It is, first, a solid face, broad, anchored by a bulbous nose, flanked by hound-dog cheeks, lit by bright, alert eyes. It is a face that has coldly encapsulated the joy of a hanging judge, wearily hinted at the anguish of a salesman who's lost his pitch, uncovered the madness of an over-the-edge super-patriot or the confusion of a father who is out of touch with his children.
It is a face that has been connected to many costumes -- cop and robber, judge, outlaw and sheriff, rich and poor man, senator and president, psycho and savior. What is projected is less stellar than human. It is a face to be believed, splendid with expression, full of character.
It is the face of one of the great character actors, which means the face is more widely known than his name -- Pat Hingle. Last night, Hingle was in town to read from an early triumph, the Pulitizer Prize-winning play "JB," as part of a tribute to the works of the late Archibald MacLeish at the Library of Congress' Coolidge Auditorium. MacLeish was a former librarian of Congress (1939-44), as well as a respected poet and playwright.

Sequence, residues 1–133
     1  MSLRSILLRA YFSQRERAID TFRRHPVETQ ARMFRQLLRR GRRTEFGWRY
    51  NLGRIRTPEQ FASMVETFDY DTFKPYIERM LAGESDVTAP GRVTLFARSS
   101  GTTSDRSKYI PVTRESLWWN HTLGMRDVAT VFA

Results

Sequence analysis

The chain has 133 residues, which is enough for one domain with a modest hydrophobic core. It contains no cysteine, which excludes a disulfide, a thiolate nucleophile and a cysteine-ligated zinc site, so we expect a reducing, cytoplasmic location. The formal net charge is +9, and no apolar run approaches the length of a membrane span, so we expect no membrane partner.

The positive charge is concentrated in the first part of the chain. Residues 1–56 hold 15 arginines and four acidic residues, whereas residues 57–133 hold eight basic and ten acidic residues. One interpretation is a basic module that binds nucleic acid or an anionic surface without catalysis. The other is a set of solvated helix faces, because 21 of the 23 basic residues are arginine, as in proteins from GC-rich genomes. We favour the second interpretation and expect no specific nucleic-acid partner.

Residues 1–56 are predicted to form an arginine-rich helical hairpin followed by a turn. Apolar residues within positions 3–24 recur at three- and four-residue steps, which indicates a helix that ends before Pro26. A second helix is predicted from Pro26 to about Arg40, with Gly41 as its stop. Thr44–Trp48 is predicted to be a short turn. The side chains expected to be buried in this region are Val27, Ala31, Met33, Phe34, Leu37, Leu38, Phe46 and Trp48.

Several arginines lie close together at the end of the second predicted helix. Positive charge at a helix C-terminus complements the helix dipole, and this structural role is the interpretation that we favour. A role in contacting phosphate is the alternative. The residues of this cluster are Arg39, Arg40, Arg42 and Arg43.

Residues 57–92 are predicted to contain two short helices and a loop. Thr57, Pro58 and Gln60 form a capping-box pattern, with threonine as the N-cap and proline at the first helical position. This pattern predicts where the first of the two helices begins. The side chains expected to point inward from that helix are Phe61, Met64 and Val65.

Hingle is an American Everyman. He grew up in a blue-collar family; his father was a building contractor, his mother a schoolteacher. "It was fortunate I wasn't a drama major at Texas," he says with a laugh. "That faculty was trying to turn out 'theaturrrr' people. I was the nutty radio major that they left alone. I've never used anything but the reality of my own life."
Hingle recalled that there were two actors "responsible, without their knowing it, for my being a professional actor: Walter Huston and Hume Cronyn." As a Texas college student after World War II, the Colorado-born Hingle majored in advertising and radio, earning money by working in the campus movie house. "There were the Gary Coopers and the Clark Gables, but they didn't really appeal to me," he says. "And I thought people who played 'character' things played smaller things and my logic told me these wouldn't give you much money or muscle and that didn't appeal to me either.